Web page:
Selling a Baby's Name

For $20,000 would you sell the right to name your baby?

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Comments (25)

(25) tzipschum, November 24, 2011 5:13 AM

SURE, and why NOT?

In this case MONEY might be exchanged in other cases it is a family obligation or sign of gratitude yet always an exchange. So why not money?

(24) Anonymous, November 24, 2011 1:45 AM

selling baby's name

My mother tells me that in Hungary, prior to WW II, it was fairly common to receive money from strangersto name a child after their relative.

(23) Anonymous, November 23, 2011 4:28 PM

a big mitzvah

I know three couples who did this. The names are fine Jewish names, after fine people. The families were very poor, and the money helped them very much . Those who paid the money found some consolation for the loss of their loved one. The soul of the person got continuation in this world. So it was a win-win situation all around. The three babies are now all very fine, frum parents. So what's the problem?

(22) Anonymous, November 23, 2011 10:53 AM

oh this is one of my hot topics - relatives ie. grandparents of the couple (and im sure in plenty of cases the parens of th couple) feel they have the right to force the couple or BRIBE them or nag and harrass them to give a certain name. or at least give their oppinion. sorry, its the parents honour to name their baby, i think if the mom carried the baby for nine months then that alone makes her deserving of giving the name. thats actually why being jewish is inherited from the mother. budding in just causes stress at a time when the couple is trying to adjust to a new baby. it is nice to name after someone if they choose to, it is also a chessed to leave the couple alone not be mean and harrass them. its their baby. and according to torah the couple is actually given prophesy when choosing the name of their baby so relatives stop interfering. if the couple chooses to let someone name the baby, thats their choice . personally i would not want to , but i dont know the couple's financial state...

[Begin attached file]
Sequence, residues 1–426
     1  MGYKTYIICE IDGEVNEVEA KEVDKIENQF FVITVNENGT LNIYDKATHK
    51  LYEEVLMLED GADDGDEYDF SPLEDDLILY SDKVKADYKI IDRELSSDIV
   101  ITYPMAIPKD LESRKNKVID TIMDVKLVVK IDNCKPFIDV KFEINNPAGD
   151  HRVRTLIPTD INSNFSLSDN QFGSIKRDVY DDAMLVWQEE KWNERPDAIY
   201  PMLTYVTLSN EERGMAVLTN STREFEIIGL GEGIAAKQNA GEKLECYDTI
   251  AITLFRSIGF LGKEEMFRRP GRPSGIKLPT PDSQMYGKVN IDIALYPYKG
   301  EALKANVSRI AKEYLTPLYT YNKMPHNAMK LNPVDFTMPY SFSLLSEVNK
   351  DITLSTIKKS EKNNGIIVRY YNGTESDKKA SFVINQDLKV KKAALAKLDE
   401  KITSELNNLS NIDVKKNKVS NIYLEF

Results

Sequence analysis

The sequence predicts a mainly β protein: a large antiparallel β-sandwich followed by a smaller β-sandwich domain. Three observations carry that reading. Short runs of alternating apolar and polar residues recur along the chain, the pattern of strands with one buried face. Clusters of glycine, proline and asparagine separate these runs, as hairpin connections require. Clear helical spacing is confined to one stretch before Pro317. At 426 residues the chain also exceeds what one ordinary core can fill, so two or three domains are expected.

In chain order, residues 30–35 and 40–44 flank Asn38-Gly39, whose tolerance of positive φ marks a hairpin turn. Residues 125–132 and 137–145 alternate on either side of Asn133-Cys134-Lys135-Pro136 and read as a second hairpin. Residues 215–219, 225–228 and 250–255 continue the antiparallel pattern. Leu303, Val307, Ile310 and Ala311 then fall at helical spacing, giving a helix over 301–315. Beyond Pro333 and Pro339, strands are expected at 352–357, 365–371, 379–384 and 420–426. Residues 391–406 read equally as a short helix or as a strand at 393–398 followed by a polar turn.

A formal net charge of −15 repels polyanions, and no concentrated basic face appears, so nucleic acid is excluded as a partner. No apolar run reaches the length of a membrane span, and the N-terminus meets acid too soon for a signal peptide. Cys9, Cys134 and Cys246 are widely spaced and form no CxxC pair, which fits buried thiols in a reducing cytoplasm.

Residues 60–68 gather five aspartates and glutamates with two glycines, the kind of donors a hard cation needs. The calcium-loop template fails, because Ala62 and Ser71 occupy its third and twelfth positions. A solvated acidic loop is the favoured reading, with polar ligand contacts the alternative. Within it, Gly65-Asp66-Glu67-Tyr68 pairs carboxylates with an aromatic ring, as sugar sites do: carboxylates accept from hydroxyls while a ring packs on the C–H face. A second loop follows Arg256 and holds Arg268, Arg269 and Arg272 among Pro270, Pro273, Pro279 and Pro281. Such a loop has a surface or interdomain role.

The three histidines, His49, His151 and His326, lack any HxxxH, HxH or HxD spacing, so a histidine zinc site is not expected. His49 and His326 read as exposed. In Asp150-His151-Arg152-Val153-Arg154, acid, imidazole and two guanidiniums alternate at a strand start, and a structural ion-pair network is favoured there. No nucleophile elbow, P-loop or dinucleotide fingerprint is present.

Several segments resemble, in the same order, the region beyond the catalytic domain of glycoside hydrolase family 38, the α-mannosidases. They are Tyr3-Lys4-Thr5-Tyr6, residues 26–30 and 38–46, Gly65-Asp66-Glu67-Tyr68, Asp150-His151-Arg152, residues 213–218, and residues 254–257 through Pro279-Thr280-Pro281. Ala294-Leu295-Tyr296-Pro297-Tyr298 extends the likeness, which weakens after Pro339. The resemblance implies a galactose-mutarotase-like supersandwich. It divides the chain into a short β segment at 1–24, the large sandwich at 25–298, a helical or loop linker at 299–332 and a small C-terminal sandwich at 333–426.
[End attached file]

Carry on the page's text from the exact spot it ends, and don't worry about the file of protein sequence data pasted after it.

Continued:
(21) Anonymous, November 23, 2011 7:06 AM

No

It is not all right to sell a persons name. It is the parents right to name their baby and it is sacred for any price.

(20) chayah, November 23, 2011 2:38 AM

Dear Rabbi-----

Mazel Tov on the birth of your new grandson....May he have a long and healthy life filled with joy! May he be blessed with a good name for all the days of his life and may you be around for years and years of kvelling and kluging nachas!

(19) Stephen Berr, November 22, 2011 11:20 PM

This is like the joke about the Lord's Prayer

There is an old joke about Budweiser approaching the Poke and asking him to change the line in the Lord's Prayer to say :Give us this day our daily Bud". After much handling, with the offer approaching 100 million dollars, the Pope says "This is most unusual, let me pray on this". As soon as the Budweiser rep is gone, the Pope calls his secretary and asks "How long is our contract with Stroehman Bread?"

(18) Anonymous, November 22, 2011 9:08 PM

wish I had thought of that

I have many grandsons & not one of my children gave a name for my beloved grandfather. Not even as a middle name. Wish I had thought to offer a monetary gift. Maybe next time.

(17) leah, November 22, 2011 9:04 PM

accepting a monetary gift is not selling

If a couple names a baby after a great grandparent or other relative & the grandparents give a monetary gift is that selling? if someone approaches a couple to ask them to name after a loved one that otherwise wouldn't get a name, that is definitely not selling your baby's name. That is a chesed for which you are given money. What a lovely gesture!